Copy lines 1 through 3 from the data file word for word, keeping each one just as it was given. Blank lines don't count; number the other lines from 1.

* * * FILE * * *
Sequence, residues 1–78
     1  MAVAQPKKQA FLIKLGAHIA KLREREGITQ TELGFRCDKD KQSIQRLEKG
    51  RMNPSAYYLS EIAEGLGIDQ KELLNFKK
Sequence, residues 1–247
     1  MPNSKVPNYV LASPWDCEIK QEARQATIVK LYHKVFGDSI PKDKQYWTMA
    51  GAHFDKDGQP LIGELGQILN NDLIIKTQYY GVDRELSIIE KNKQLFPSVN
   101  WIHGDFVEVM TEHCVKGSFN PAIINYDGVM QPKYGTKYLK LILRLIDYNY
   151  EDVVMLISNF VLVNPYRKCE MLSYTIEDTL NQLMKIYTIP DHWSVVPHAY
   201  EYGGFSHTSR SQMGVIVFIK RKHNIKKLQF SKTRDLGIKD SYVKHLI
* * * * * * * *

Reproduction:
Sequence, residues 1–78
     1  MAVAQPKKQA FLIKLGAHIA KLREREGITQ TELGFRCDKD KQSIQRLEKG
    51  RMNPSAYYLS EIAEGLGIDQ KELLNFKK